At the launch by RADE (Recovery through Art, Drama and Education) of a comic book and a documentary, both on 1916, the President said their work combined rehabilitation with an artistic environment.
“I became familiar with RADE’s work about five or six years ago and visited some of its workshops very early on,” said the President.
“I think what is very important is what it combines: you have work of rehabilitation, you have work of recovery, the capacity to require new skills, but most of all the creation of atmosphere in which people can do things together.”
He said the aim of users to become drug-free was crucial: “You have people who are methadone users, exploring aspects of themselves that are positive, that are defeating the negative, all of that is very important.”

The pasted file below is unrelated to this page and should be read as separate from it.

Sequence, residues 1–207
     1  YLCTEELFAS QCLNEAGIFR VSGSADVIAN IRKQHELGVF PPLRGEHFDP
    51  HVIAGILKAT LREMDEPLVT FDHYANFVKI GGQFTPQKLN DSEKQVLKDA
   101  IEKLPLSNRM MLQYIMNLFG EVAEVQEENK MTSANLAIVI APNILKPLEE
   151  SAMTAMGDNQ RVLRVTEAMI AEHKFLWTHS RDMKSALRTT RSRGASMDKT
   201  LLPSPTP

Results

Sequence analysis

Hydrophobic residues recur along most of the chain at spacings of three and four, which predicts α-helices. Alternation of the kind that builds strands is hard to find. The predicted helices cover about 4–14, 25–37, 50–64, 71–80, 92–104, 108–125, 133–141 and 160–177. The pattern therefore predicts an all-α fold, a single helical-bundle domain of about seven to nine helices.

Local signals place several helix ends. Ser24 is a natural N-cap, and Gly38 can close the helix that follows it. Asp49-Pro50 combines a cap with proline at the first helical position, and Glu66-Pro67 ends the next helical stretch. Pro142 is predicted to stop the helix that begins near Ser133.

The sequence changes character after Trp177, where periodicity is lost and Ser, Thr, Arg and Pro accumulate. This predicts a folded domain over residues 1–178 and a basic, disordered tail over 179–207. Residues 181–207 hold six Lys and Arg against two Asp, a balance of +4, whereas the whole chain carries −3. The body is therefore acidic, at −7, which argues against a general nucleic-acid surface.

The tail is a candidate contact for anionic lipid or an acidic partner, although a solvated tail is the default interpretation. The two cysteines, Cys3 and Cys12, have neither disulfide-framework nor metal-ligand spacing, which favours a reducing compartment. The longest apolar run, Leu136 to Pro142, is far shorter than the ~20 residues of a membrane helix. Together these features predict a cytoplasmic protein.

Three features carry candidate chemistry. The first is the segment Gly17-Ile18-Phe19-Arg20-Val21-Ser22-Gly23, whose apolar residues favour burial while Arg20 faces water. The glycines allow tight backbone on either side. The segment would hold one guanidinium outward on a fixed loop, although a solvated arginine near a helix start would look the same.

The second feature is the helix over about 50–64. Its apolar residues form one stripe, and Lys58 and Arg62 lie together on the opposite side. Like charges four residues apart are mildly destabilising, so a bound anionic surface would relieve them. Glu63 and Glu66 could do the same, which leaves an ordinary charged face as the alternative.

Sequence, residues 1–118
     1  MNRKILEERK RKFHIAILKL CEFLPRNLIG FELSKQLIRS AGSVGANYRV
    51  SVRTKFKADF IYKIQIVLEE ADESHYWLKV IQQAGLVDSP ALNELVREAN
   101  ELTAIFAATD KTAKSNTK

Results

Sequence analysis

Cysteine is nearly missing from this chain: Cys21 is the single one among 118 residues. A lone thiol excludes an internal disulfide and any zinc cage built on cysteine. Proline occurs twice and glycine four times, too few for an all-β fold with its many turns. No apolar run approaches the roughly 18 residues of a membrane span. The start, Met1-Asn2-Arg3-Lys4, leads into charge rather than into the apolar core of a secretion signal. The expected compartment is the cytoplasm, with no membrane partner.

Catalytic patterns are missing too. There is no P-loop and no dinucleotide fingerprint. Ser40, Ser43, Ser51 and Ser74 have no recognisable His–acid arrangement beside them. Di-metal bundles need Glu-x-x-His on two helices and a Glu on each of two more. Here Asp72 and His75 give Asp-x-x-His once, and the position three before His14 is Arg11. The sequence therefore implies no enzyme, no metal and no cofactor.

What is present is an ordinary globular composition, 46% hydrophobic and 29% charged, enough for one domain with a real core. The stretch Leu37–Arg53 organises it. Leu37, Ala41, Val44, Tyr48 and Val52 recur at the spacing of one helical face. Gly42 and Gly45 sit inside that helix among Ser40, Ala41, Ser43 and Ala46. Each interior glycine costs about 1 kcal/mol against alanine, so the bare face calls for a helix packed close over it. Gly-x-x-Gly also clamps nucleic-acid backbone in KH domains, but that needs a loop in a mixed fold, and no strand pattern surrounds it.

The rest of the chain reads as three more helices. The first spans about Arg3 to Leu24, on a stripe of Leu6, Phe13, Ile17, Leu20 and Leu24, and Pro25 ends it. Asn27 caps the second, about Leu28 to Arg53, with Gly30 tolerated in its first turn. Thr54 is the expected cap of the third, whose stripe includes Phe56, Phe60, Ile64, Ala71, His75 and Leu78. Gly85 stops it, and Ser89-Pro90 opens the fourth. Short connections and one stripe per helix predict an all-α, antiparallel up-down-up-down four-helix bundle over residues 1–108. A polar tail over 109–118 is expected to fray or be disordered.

He praised the “grit and tenacity” of RADE director Michael Egan. Mr Egan said the comic book, A RADE in Dublin, was their first ever such publication, thanks to art facilitator Paddy Lynch.
He said that while the play, RADE Rising, with writer Malcom MacClancy, was eventually abandoned, it involved a “huge leap of learning” for all involved.
Trinity poetry professor Paula Meehan, poet Theo Dorgan, and artist Robert Ballagh also attended. Prof Meehan described RADE’s work as “transformative”.
“The participants channel their passion, intelligence and vision into a space that serves the community and serves them,” she said.
Anna Quigley of Citywide Drugs Crisis Campaign said RADE treats “drugs users like normal people” and Merchants Quay director Tony Geoghegan said that the work “stands on its own merits”.